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Bruce Osborn, an American photographer who takes parent-child pictures in Japan, brings his camera to the disaster area. What he sees are close ties of parents and children, both gentle and strong.
OA DATE : Feb. 10, Feb. 25
The Great East Japan Earthquake is often described as the country's largest earthquake and tsunami. However, historical documents speak of other gigantic tsunami in various regions. The program uses computer graphics and animation to assess disasters recorded in ancient records.
OA DATE : Feb. 17, Feb. 25,
People who lost their lives in the earthquake and tsunami are, of course,
the most evident victims. But survivors who lost loved ones, homes,
and jobs are victims too. Many are struggling to move forward, even as family members depend on them for love and support. The program examines ways of healing psychological scars left by the disaster.
OA DATE : Feb. 18, Feb. 25, Feb. 26
Immediately after the earthquake, reporters from across the country headed to the disaster area. The devastation they found exceeded anything they had imagined. Maintaining a "professional" distance while covering the story proved to be difficult. In this program, journalists recount the disaster as individuals.
OA DATE : Feb. 18, Feb. 25, Feb. 26
Business-as-usual has been impossible for a family in Fukushima that makes traditional sweets. A small shopping center has also been struggling. Both are located in a town within the emergency zone. The program shows how they turn their commitment to the rebirth of their community into action.
OA DATE : Feb. 18, Feb. 19, Mar. 3, Mar. 4,
A former fireman in Minami-soma continues to try to find his father, son, and daughter, all of whom have been unaccounted for since the earthquake.
Three friends have been helping him, even though the search takes them within 30 kilometers of the Fukushima Daiichi nuclear plant.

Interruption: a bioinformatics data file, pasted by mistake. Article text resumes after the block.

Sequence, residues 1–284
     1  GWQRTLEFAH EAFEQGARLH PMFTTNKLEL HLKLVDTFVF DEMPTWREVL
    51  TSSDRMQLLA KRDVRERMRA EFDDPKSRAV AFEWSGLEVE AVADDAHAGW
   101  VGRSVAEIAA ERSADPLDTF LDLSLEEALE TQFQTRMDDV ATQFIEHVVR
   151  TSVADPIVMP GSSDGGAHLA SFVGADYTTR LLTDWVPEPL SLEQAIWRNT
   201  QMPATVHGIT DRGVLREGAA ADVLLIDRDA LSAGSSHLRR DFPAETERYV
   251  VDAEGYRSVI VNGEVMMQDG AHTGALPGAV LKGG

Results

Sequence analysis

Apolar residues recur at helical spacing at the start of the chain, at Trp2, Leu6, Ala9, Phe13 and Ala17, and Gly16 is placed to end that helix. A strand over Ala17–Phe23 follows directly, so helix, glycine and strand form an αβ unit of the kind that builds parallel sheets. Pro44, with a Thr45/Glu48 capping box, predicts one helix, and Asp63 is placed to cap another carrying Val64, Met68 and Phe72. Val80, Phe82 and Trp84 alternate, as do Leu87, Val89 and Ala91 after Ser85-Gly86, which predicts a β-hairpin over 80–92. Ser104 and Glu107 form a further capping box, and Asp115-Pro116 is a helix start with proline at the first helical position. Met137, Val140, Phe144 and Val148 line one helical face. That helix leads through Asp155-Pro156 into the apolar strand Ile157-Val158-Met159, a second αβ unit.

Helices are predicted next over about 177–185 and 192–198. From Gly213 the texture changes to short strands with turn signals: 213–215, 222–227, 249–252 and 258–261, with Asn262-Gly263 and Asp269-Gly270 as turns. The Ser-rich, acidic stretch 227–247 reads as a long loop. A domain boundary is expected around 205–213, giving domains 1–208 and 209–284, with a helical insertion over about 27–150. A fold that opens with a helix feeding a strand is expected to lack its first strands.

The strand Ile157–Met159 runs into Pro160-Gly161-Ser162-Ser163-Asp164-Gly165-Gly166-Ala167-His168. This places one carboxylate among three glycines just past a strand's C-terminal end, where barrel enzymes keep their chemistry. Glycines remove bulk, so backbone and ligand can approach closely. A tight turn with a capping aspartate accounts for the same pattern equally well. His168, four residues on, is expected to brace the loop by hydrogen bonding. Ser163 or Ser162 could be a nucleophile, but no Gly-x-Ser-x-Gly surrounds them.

OA DATE : Feb. 18, Feb. 19, Mar. 3, Mar. 4,
Yoshi Tabata lives in the Taro section of Miyako, a part of Iwate prefecture that is prone to tsunami. Her own grandfather experienced the 1896 Meiji Sanriku Tsunami. For many years, Tabata has passed her grandfather's words along to as many people as possible: "Your life is for you to protect and to live." Last year, she herself needed to follow the advice. She survived the tsunami by immediately running the higher ground. Since then, Tabata has become all the more devoted to bringing the message of survival to others and making sure that the passage of time does not make people complacent about the danger.
OA DATE : Mar. 2, Mar. 3 Mar. 17, Mar. 18
The tsunami of 2011 took away many lives and invaluable memories. Even a single photo could mean the world to someone. So, a woman who lost her own family in the disaster worked to return pictures recovered from the rubble to their owners. The program documents the reuniting of people with irreplaceable remembrances.
OA DATE : Mar. 2, Mar. 3, Mar. 17, Mar. 18
A singer by the name of Kumiko was in Ishinomaki for a concert when the 2011 disaster occurred. As the tragedy unfolded before her eyes, she struggled to understand her purpose as a performer. The program documents her encounter with the restoration of a piano pulled from the rubble. It also shows her meeting with a Hiroshima nuclear bomb victim whose painful memories remain. These experiences led Kumiko to overcome her doubts and return to the stage, with a new song.
OA DATE : Mar. 9, Mar. 16
A resort known as "Japan's Hawaii," in Iwaki, Fukushima Prefecture, has reopened after a hiatus of eleven months. Its Hula Girls dance troupe brought their shows and smiles to various disaster-hit regions during that time. Now, the performers are back on their home stage every day, providing evidence of their community's recovery.
OA DATE : Mar. 10, Mar. 25
Wadaiko Japanese drums are an important part of the country's traditional performing arts. This program follows a group from Rikuzentakata that specializes in the Hikamidaiko style. The group lost seven of its members in last year's tsunami and was unable to continue its activities. Since then, though, the remaining members have reunited, with the desire to bring some cheer to the disaster-hit Tohoku region.
OA DATE : Mar. 10, Mar. 25
5minutes, Please check your pc's volume.
A snow statue of Fukushima's Tsuruga-jo Castle rose majestically at this year's Sapporo Snow Festival in Hokkaido. It reflects the passion of people in Hokkaido for Fukushima's recovery and their support.
OA DATE : Mar. 17, Mar. 20
Abdulla Muzaffar was the only Kuwaiti man known to have been living in Japan's disaster area. The program shows his efforts to contribute to the rebuilding of Kesennuma, his adopted hometown, and his support of the international community there.